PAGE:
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Writer/director Kogonada (one name only, like Rihanna) was working on his dissertation on the films of Japanese master Yasujiro Ozu when he decided he wanted to become a filmmaker himself. The transition did not come quickly. First, he made a series of popular video essays about classic filmmakers like Stanley Kubrick and Wes Anderson. Now, finally, is his directorial debut, Columbus, which seems to reflect his inner turmoil. It’s an impressive, calculating film about a pair of loners torn between academia and the real world.
In his first significant dramatic role, John Cho (Harold and Kumar Go to White Castle, Star Trek) plays Jin, a South Korean office worker who travels to Columbus, Indiana after his architect father falls ill. While he waits for him to recuperate, Jin strikes up a friendship with Casey (Haley Lu Richardson), a recent high school graduate who is hanging around town taking care of her mother, a recovering addict, instead of going to college like her friends. Casey is interested in architecture but not sure if she wants to study. Jin’s father was a leader in his field, but Jin never cared about it. It’s a friendship made in movie heaven. They start by sharing cigarettes, but soon Casey is driving Jin around town, showing him the most beautiful buildings in Columbus.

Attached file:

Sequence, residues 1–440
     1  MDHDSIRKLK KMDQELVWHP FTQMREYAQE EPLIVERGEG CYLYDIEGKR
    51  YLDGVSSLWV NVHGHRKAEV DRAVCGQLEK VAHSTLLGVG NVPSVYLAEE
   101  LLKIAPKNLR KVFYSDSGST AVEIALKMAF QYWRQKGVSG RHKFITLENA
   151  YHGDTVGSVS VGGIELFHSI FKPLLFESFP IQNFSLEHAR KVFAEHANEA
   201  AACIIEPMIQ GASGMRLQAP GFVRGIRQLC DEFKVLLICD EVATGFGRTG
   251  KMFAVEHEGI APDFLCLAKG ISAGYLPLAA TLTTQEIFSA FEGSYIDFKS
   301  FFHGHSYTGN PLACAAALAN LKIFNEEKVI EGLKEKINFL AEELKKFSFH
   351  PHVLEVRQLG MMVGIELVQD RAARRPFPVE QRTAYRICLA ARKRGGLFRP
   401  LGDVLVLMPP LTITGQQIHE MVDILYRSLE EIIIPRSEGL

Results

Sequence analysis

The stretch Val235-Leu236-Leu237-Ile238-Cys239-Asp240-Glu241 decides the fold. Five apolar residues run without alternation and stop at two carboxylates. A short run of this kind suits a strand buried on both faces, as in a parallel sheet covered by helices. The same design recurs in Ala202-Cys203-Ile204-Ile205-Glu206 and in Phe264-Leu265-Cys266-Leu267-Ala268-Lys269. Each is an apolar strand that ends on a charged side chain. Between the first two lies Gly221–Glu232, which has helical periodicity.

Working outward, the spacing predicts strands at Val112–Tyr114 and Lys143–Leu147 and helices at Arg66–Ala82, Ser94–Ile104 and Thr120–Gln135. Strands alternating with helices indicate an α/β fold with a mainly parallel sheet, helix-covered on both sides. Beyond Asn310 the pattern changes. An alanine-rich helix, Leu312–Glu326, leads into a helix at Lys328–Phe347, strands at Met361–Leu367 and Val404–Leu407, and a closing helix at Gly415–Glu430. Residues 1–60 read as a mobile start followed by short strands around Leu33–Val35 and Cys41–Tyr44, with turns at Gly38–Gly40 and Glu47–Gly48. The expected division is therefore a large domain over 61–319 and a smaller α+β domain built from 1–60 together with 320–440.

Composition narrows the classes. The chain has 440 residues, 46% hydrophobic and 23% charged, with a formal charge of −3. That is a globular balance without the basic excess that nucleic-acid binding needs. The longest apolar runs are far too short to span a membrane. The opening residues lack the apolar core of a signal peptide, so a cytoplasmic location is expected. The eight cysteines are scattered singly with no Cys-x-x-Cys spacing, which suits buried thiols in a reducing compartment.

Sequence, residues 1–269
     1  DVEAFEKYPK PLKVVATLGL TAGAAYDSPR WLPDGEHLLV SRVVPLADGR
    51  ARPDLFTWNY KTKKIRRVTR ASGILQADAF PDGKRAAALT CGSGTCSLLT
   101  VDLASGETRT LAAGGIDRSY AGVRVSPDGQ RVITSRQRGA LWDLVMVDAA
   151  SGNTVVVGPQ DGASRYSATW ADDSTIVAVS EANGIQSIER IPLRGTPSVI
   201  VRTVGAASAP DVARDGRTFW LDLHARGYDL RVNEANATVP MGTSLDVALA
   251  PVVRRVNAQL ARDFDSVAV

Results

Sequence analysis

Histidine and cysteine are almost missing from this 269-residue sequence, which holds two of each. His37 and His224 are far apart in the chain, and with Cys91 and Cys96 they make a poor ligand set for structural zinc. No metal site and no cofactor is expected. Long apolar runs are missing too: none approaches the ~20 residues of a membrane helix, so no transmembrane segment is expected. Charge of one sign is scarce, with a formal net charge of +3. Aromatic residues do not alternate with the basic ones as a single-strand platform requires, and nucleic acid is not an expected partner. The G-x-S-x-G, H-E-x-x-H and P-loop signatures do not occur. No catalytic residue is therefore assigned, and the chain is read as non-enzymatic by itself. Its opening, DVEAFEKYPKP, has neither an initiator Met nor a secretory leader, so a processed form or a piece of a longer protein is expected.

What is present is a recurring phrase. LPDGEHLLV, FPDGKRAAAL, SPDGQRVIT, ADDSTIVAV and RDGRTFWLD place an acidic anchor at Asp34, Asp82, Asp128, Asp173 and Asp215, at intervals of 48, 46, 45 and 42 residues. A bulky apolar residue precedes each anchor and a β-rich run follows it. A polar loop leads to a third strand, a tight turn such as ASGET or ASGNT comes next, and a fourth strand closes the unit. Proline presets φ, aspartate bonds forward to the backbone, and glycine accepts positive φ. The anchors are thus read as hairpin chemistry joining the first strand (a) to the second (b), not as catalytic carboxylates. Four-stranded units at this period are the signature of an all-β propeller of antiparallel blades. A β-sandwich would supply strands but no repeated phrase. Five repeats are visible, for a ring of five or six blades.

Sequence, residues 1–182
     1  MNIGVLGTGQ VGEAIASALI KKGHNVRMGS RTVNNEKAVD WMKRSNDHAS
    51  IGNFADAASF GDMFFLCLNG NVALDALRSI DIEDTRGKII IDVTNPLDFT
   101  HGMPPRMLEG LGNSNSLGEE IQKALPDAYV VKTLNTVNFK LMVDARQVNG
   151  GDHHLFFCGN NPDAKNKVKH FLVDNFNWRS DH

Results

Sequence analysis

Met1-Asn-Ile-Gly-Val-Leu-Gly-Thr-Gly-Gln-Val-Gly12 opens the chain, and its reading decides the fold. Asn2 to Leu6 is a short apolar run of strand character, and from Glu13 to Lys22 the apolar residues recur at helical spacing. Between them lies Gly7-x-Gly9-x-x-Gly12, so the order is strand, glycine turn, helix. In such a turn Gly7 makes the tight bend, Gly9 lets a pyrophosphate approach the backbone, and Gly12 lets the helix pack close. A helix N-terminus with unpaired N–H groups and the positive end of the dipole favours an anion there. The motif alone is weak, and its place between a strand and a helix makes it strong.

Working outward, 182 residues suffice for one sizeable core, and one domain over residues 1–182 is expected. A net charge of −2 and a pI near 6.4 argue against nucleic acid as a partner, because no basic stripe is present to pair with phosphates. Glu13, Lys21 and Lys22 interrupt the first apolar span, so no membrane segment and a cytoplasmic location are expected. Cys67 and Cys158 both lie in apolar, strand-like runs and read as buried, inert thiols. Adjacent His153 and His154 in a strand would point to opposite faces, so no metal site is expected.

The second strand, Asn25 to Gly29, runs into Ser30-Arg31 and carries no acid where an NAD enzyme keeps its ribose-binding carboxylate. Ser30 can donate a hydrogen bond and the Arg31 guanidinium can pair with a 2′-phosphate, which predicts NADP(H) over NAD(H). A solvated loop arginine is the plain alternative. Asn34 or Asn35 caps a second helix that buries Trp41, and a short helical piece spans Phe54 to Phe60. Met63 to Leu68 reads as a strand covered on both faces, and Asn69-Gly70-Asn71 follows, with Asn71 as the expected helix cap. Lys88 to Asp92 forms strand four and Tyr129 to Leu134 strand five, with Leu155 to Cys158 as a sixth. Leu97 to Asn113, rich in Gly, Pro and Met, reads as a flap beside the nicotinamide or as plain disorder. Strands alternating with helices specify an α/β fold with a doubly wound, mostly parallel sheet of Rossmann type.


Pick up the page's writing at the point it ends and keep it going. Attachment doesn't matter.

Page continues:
If nothing else, you will leave Columbus with a new understanding of the little-known midwestern town that’s a haven for fine architecture. Kogonada puts the beauty of its buildings on full display. Hard lines and rounded edges are foregrounded. Each shot feels meticulously composed, with even his actors used as props in his grand design. When Cho and Richardson are in a two-shot, you can feel them holding still for fear of ruining the perfect geometry.
It’s not an ideal scenario to move an audience to passion, but Kogonada’s restraint often pays off in unexpected ways. Keeping his camera and his actors still, the small moments of humanity that pass between them often have the thrilling impulse of improvisation. In one scene, Casey gets the giggles at Jin’s phrasing when he asks about her mother’s drug addiction (“Does your mother do meth?”), and the moment somehow strikes a tiny universal chord. In such a controlled environment, every speck of freedom feels euphoric.
It’s a shame, however, that such moments are so rare. Too often, Kogonada lets the perfect be the enemy of the good, idealizing the friendship between Jin and Casey so greatly that it fails to have any real impact. For example, any chance of romance between the two of them seems remote, and although the possibility is raised late in the film, it feels secondary. There is something refreshing about seeing two people connect in a purely platonic way, with no expectation of a future together, but it also removes any real stakes. When Jin and Casey have their first fight late in the second act, are our hearts supposed to break a little? More likely, it will be met with a shrug of indifference at a relationship that always seemed ephemeral.
Instead, Columbus finds comfort in the permanence of buildings. Jin waxes poetic at one point about the healing power of architecture, that buildings are designed not for functionality but to offer sanctuary from the harsh world outside. To Kogonada, Columbus is such a building, an enclosed space where we can contemplate our station and maybe make a fleeting connection, not quite alive but still rich with meaning. Columbus opens Friday at E Street Cinema.